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2

For pure MPI codes, what you describe is exactly what MPI_Ssend() gives you. However, here, you are not using pure MPI, you are using boost::mpi. And unfortunately, according to boost::mpi's documentation, MPI_Ssend() isn't supported. That said, maybe boost::mpi offers another way, but I doubt it.


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Your code is not valid, as your compiler will happily tell you. There is no such constructor for a std::vector<std::reference_wrapper<int>>. Also reference_wrapper does not magically work this way. One might think, that boost::iterator_range would be a good idea to use in this case, but it does not support serialization. So aside from building ...


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Implementations may or may not complete MPI_Send before the recieve is posted. Your code is not a correct MPI application. It may deadlock with a specific message size, on a specific network, during full moon while it's raining. In practice it mostly depends on the message size as implementations commonly send small messages to preallocated buffers. There ...


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This is only partly addressing the question, perhaps, but here goes: Q. @sehe I use the bundled properties, they are not automatically serialized from what I have tested. – user3658306 1 hour ago A. Not true: Live On Coliru #include <boost/graph/adjacency_list.hpp> #include <boost/graph/random.hpp> #include <random> static std::...


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If one of the MPI_COMM_WORLD processes dies, there is no way to properly continue the application. Sending a halt command and keeping the sender alive is absolutely what you should do. Theoretically, you could use one-sided communication in MPI or a timeout mechanism (using irecv / request::cancel), but I don't see any way this would make sense..


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The generally easiest way to force blocking behavior is to use larger messages that cause a switch to a so-called 'rendezvous' protocol, where the sender will wait for the recipient to post the matching receive operation before starting data transfer.


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Use the plain broadcast. The second version is not a correct MPI program. If it works, it is only by chance. In general broadcast and the other collectives are highly optimized and can utilize system topology information. Thus they perform better than if you would implement it on your own using point-to-point messages. Also they express your communication ...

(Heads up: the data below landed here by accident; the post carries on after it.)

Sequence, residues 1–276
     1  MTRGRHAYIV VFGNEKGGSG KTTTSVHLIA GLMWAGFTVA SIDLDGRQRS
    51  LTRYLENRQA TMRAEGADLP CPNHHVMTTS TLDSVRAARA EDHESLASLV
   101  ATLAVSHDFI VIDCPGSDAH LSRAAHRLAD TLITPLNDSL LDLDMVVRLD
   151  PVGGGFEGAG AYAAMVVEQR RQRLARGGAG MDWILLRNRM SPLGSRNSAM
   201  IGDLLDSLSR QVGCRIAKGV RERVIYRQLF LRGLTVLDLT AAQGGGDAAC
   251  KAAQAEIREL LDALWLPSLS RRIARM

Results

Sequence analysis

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You could add the compiler option: -lboost_serialization


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You are quite close: Firstly your are missing the actual communication functions for the packed archives. You are trying to extract from the packed_iarchive without having received anything into that archive. For instance, you can use broadcast as described: with packed archives, the root sends a packed_oarchive [...] whereas the other processes receive ...


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You can consider tuning the eager limit value (http://blogs.cisco.com/performance/what-is-an-mpi-eager-limit) to force that send operation to block on any message size. The way to establish the eager limit, depends on the MPI implementation. On Intel MPI you can use the I_MPI_EAGER_THRESHOLD environment variable (see https://software.intel.com/sites/products/...


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If you want blocking behavior, use MPI_Ssend. It will block until a matching receive has been posted, without buffering the request. The amount of buffering provided by MPI_Send is (intentionally) implementation specific. The behavior you get for a buffer of 10000 may differ when trying a different implementation. I don't know if you can actually tweak the ...


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You can do the analogous to Does boost support serialization of c++11's std::tuple? Alternatively, use c++14 std::index_sequence with c++17's generalized fold expressions.



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